Is this burning an eternal flame? Probably not, no, or: the shearman’s mysterious appeals

A case to round off January, which turned up in today’s file sorting. I think I came across this when I was writing about dwale a few years ago, and have never found a place for it, so here’s a bit of a weird one, from a King’s Bench roll of 1346: KB 27/343 m. 28 and m. 28d (AALT IMG 8042, 8397)

It’s a record of the accusations made by an approver – i.e. a man who confessed his own felony, but brought accusations (appeals) against another or others, in the hope that he could secure a conviction and be spared execution. Clearly, this process is likely to have encouraged a certain degree of untruthful accusation, so that, even more than usual, we can make no deductions about truth in these cases. Nevertheless, in an ontological-argument-for-God’s-existence fashion, there is something of value to learn in accounts of what the human mind could imagine.

Our approver was William de Ludham, shearman, and he was doing his approving in Bishop’s Lynn (now King’s Lynn) in Norfolk. Before the coroner, he recognised that he was a thief and a felon, and made a number of accusations – some fairly run of the mill robberies, But William’s appeals also included accusations against a clerk called Robert of Leicester, clerk, and Bertram of St Omer, Fleming. They had, he said, been part of a gang wandering about, in London, Bristol, Sandwich, Norwich, and elsewhere in cities and boroughs of England, and in Norwich at Trinity 1346, they had planned to follow the king as he went abroad, to burn him and his household, when an opportunity arose, either in England or abroad. Perhaps in connection with this fiendish plan, William said that Bertram carried with him sulphur and other materials to set off an inextinguishable fire, and Robert carried with him two containers, one full of poison, and another full of a powder which would make men sleep for three days, or else kill them, at the user’s choice.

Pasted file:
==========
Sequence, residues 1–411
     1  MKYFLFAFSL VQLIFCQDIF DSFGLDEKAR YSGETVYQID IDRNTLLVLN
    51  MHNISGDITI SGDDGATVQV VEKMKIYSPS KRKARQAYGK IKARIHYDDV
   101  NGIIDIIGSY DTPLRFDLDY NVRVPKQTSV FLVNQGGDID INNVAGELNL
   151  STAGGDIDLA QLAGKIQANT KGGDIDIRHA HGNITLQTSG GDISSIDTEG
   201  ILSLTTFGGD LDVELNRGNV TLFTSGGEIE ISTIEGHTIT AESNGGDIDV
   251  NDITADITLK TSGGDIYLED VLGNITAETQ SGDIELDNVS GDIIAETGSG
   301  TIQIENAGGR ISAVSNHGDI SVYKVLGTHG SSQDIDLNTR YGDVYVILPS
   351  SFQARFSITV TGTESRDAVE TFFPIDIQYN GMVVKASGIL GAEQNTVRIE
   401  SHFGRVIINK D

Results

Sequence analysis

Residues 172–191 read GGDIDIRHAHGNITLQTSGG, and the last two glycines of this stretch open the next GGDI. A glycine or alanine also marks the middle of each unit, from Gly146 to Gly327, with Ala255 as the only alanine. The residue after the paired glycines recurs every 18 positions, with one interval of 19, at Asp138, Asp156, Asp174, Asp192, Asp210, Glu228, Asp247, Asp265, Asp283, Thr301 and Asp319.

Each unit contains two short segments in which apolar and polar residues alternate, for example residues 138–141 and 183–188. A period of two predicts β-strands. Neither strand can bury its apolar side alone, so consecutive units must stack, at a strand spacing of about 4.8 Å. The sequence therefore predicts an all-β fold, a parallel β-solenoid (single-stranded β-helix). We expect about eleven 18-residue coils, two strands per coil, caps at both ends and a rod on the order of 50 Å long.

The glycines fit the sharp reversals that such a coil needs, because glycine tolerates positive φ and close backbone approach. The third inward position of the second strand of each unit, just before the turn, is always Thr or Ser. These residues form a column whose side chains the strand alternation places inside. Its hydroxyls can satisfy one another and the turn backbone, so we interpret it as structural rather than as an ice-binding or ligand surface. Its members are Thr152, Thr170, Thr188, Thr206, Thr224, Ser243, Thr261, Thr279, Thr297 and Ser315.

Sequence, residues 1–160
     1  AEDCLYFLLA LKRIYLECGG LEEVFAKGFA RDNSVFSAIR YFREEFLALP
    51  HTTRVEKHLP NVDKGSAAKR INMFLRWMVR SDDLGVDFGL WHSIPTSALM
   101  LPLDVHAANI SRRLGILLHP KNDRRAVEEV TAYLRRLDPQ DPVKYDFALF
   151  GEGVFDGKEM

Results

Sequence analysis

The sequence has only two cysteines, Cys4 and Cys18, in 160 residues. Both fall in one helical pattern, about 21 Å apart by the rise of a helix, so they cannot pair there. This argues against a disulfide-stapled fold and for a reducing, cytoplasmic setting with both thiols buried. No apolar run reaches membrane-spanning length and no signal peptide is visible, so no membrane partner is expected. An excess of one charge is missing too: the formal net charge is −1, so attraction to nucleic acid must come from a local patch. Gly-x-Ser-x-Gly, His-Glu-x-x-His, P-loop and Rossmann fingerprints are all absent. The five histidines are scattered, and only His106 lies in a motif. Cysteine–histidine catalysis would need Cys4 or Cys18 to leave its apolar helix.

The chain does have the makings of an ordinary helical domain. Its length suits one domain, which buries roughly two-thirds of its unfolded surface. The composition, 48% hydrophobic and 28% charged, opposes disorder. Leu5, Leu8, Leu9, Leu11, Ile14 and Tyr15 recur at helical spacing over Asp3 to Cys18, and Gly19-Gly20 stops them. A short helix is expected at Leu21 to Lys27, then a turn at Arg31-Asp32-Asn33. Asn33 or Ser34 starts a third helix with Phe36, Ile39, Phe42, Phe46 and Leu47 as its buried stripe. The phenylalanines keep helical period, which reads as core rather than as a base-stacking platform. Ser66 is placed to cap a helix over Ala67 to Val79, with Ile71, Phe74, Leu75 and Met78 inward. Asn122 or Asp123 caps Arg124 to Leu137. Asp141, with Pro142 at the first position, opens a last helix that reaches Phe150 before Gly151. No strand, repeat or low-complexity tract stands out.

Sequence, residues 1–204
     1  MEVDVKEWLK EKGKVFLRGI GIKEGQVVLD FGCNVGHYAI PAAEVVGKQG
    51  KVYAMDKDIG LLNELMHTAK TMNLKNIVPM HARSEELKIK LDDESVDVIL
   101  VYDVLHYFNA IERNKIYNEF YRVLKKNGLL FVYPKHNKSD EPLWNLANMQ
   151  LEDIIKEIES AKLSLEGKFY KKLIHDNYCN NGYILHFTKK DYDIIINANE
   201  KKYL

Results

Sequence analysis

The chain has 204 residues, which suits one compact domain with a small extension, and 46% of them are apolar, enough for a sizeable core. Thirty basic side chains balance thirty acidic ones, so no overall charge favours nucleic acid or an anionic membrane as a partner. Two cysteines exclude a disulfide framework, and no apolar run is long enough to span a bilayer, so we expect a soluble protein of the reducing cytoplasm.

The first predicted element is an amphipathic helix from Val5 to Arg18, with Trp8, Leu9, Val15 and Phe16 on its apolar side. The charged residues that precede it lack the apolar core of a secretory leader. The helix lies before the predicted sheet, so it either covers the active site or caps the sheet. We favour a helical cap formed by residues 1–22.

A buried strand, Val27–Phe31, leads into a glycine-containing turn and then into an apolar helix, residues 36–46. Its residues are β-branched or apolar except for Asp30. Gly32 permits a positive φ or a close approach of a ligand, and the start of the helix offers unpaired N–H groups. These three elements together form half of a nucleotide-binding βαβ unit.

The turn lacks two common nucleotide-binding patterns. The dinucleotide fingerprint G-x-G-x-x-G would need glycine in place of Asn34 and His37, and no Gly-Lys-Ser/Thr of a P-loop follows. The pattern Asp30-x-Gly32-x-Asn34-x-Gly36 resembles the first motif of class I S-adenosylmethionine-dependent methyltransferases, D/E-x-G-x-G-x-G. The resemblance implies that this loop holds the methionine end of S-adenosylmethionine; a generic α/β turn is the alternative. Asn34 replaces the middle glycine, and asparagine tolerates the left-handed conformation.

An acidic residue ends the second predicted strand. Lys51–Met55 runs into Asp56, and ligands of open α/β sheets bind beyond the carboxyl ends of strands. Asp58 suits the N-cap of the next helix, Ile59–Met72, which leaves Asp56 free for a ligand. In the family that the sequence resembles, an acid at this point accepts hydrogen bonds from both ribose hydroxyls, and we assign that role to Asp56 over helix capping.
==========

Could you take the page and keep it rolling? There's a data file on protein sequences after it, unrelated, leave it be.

[As so often, the ending is delayed – I am yet to find any sort of resolution]

So what?

Come on – treacherous plots, eternal flames and three day sleeping powder: obviously interesting. Working out what the flamey bit might have been does not seem impossible (firearms/artillery were just coming in at this point, remember … Greek fire … etc.), the sleeping/killing powder is a bit more mysterious. At first, I was thinking along the lines of blowing it under a door (clearly reading too many mystery novels) but I suppose it is more likely to mean something to put in a drink. What would that be? Some poppy product, perhaps? Processed dwale? I am intrigued at the idea of expertise implicit in William’s accusation – he assumed that a dodgy clerk would be in a position to understand the dosage which would work to cause sleep (and for how long) or death. All a bit wizardy, isn’t it?

Very much hoping to come across William, Robert and Bertram once more, and see whether this did ever go to proof.

GS

31/1/2021